Modern Insurance: To Infinity and Beyond?

Updated: Jun 25, 2020

At the Insurtech Hartford Symposium last November, we facilitated a workshop that challenged insurance leaders to explore the industry’s inability to move beyond its core offerings as the world around it changes.

In their own words: the insurance industry needs help. It’s not as nimble as other industries in creating new streams of revenue, deepening and extending customer relationships, and evolving with the times.

Many major carriers are well behind the technology and user experience curve. They’re failing to find new growth paths beyond what has been tried and true for years; many insurance products provide a sub-par customer experience when measured against consumer expectations set by the Big Four tech companies and other digital innovators.

If our workshop is any indication, no one knows this better than the people who work for the carriers. And they’re eager to be a part of the solution.

Opening Talk: Extending Offerings and Growth Paths

Matt Josefowicz, President of the research consultancy Novarica, gave a kick-off talk where he discussed ways that carriers might extend their offerings and growth paths beyond their traditional insurance offerings, in order to create new streams of revenue, deepen and extend customer relationships and more effectively manage risk.

He touched upon adjacent and related industries such as smart homes, smart buildings, home security, wealth and asset management, financial planning, home maintenance services and health and wellness that are natural extensions or complements to traditional insurance.

He discussed how carriers might invest in technologies such as AI, IoT and predictive modeling to help mitigate losses or stop them from happening in the first place. Taking the technology opportunity further, carriers could develop their own platforms and ecosystems. Not just for their own benefit, but for use by the wider industry and other industries as well.

Workshopping the Way to the Future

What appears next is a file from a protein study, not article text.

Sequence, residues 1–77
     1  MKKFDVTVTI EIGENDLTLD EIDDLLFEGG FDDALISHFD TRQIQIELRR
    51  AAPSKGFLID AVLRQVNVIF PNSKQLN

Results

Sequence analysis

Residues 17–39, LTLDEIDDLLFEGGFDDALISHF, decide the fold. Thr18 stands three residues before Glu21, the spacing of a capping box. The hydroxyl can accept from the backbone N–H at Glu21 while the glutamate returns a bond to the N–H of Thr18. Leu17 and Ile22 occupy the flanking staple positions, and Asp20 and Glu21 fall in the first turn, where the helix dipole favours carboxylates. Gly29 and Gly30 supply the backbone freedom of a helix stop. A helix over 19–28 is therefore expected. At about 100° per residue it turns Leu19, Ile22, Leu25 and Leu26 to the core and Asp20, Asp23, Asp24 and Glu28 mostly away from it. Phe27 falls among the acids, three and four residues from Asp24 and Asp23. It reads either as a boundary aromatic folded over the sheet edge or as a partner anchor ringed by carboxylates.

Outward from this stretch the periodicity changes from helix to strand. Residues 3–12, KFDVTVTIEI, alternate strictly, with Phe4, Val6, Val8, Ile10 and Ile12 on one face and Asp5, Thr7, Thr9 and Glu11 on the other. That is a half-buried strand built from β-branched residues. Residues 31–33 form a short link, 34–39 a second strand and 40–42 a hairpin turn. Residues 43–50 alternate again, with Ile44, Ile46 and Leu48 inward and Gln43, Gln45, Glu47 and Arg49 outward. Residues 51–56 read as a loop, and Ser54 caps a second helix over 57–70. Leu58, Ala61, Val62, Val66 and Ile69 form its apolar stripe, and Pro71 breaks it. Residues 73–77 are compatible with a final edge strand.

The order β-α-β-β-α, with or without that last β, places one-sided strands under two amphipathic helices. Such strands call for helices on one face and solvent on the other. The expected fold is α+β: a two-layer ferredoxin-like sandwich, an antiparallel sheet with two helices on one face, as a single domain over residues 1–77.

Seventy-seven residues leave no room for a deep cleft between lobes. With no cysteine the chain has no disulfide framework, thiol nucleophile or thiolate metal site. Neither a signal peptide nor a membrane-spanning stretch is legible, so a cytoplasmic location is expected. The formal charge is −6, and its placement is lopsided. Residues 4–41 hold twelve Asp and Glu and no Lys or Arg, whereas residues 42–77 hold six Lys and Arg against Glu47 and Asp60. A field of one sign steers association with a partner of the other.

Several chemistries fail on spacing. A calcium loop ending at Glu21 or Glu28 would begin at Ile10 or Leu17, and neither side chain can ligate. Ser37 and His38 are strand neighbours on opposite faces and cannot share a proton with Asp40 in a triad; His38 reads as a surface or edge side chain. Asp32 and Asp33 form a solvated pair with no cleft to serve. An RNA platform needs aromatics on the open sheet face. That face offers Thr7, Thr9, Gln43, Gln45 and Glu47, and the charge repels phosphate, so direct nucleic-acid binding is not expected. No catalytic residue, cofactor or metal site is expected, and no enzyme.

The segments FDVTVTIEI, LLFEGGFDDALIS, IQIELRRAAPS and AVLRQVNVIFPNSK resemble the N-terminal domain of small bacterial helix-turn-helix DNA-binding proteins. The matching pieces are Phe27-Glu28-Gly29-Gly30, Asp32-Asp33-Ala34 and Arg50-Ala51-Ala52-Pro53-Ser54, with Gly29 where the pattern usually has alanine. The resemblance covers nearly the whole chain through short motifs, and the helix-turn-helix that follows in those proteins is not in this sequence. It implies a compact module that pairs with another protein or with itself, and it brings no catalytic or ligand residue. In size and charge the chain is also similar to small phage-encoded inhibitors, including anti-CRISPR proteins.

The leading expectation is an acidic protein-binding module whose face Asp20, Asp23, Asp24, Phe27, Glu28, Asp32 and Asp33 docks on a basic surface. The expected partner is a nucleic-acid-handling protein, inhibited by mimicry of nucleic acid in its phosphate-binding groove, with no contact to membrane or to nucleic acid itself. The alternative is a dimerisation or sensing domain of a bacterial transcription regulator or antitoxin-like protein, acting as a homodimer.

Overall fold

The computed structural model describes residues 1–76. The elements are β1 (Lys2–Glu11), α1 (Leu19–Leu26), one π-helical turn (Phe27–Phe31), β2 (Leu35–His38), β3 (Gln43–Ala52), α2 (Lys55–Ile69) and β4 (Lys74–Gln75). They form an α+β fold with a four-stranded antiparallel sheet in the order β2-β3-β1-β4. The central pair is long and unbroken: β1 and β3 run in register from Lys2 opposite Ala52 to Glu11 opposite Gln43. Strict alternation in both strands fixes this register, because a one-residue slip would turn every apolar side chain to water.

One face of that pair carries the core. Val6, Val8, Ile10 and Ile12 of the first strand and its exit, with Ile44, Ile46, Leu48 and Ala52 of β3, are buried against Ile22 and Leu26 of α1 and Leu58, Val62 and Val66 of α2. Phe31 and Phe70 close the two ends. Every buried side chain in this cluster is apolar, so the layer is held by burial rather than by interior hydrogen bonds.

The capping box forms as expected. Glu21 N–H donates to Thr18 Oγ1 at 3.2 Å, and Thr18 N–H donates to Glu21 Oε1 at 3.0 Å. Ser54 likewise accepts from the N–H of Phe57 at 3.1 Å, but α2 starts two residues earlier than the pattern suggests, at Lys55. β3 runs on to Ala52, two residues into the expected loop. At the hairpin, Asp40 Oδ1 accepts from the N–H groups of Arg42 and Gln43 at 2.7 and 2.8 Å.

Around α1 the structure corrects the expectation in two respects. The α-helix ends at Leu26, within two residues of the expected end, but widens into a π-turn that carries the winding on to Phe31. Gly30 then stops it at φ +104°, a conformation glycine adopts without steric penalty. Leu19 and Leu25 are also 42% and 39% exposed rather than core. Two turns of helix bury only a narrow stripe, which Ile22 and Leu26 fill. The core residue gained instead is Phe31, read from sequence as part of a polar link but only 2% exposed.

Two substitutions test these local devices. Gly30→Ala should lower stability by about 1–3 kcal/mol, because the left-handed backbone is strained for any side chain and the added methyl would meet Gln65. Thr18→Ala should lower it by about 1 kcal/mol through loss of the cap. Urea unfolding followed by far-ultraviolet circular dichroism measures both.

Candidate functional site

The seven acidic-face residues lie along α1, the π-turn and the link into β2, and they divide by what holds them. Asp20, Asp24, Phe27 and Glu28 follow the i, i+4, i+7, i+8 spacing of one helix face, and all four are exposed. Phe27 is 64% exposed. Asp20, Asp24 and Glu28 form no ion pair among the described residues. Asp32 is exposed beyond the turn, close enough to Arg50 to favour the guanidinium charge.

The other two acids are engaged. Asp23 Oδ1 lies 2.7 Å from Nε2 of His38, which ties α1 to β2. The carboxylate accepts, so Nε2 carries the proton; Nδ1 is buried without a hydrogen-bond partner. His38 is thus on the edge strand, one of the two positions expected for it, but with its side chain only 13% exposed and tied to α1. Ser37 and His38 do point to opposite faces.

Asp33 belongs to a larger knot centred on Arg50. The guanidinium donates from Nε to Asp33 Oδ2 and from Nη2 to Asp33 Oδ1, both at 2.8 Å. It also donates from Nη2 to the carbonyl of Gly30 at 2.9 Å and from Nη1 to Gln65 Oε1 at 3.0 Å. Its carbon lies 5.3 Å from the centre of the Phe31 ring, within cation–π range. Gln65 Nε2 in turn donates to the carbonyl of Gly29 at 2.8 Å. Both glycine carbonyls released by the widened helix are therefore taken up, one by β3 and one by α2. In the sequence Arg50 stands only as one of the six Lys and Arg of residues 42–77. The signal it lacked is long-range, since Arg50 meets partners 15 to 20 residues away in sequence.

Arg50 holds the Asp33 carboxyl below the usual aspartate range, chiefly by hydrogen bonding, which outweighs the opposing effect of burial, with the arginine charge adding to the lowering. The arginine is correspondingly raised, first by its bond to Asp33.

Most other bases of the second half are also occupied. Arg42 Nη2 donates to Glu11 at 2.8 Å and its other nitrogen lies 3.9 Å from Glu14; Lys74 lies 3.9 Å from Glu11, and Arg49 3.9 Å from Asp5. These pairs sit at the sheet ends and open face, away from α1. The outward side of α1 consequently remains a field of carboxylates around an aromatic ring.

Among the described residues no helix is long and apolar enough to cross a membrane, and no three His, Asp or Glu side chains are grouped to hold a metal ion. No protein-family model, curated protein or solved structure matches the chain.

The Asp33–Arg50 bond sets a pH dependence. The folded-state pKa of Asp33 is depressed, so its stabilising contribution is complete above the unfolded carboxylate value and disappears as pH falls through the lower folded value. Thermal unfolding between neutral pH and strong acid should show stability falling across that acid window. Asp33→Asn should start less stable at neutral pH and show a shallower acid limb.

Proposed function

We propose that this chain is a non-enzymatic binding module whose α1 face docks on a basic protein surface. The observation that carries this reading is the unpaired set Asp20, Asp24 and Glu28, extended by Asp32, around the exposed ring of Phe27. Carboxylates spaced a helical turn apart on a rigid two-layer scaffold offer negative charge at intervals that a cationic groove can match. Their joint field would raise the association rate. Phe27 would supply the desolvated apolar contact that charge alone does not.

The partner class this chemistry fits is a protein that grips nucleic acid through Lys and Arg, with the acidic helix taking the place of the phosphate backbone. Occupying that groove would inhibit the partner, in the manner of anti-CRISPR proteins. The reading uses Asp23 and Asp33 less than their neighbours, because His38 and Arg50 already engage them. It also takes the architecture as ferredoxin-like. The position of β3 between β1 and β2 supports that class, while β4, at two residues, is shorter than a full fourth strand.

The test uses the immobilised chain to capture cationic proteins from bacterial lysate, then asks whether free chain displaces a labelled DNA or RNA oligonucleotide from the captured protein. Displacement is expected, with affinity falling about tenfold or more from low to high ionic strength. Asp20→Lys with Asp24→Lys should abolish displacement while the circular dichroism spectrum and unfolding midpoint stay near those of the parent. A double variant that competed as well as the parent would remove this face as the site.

Participants were then split into three groups, each independently tasked with articulating the biggest challenges for the industry. There was a strong consensus among participants that culture and legacy thinking are the main obstacles holding the industry back. In fact, two of the three groups cited culture as the main sources of difficulty.

Culture is a challenge for insurers for the following reasons:

  1. Institutional inertia and satisfaction with the status quo keep insurers in their comfort zones.

  2. A reluctance to take chances—fear of failure obscures the potential for opportunity.

  3. Customers aren’t the focus—products and services aren’t necessarily empathetic to or understanding of the customer.

  4. The industry is currently successful (“we’re fat and happy”). See point #1.

  5. Bonus structures and compensation hold back innovative thinking. See point #1 again.

But culture isn’t the only challenge. Much inertia occurs due to a legacy orientation.

Overcoming legacy everything is a major challenge along a number of fronts:

  1. Technology—the literal legacy systems upon which much code has been built—are old, outdated and costly to replace, but not doing so prevents the industry from providing experiences that customers have come to expect in other aspects of their lives.

  2. Thinking lags behind. Not because there aren’t a lot of smart people in the field—it’s because there is little corporate investment in new ways of doing things, like moving from a waterfall development process to a more Agile-focused process.

  3. Business models aren't necessarily what consumers have come to expect from exposure to other industries and marketplaces.

Customer perception problems persist. There is the age-old problem that customers don’t trust insurers. But more than that, customers are reticent to buy insurance because:

  1. Insurance is perceived as “a necessary evil.”

  2. It’s one of the only products in a consumer’s world where there is no tangible product unless something goes wrong. Thus the customer experience becomes everything, and customers aren’t perceiving value other than through the claims process.

  3. Current insurance products don’t live up to the excellent digital experiences customers have become used to in their lives and on their smartphones, like Uber, Spotify, and AirBnB.

The workshop wasn’t tasked with solving for these issues—but it’s possible to take some good guesses at what might help. The insurance industry might move toward the future by looking at cultural change from within, redirecting their focus to a more customer-centered mindset, as well as looking to other innovations in technology for inspiration.

"Carriers, your employees are eager to be the change they want to see in the insurance world."

Talk to them, talk to your customers, and talk to your boards. Find a way to integrate modern innovation techniques into your organization to move not just forward, but beyond insurance.

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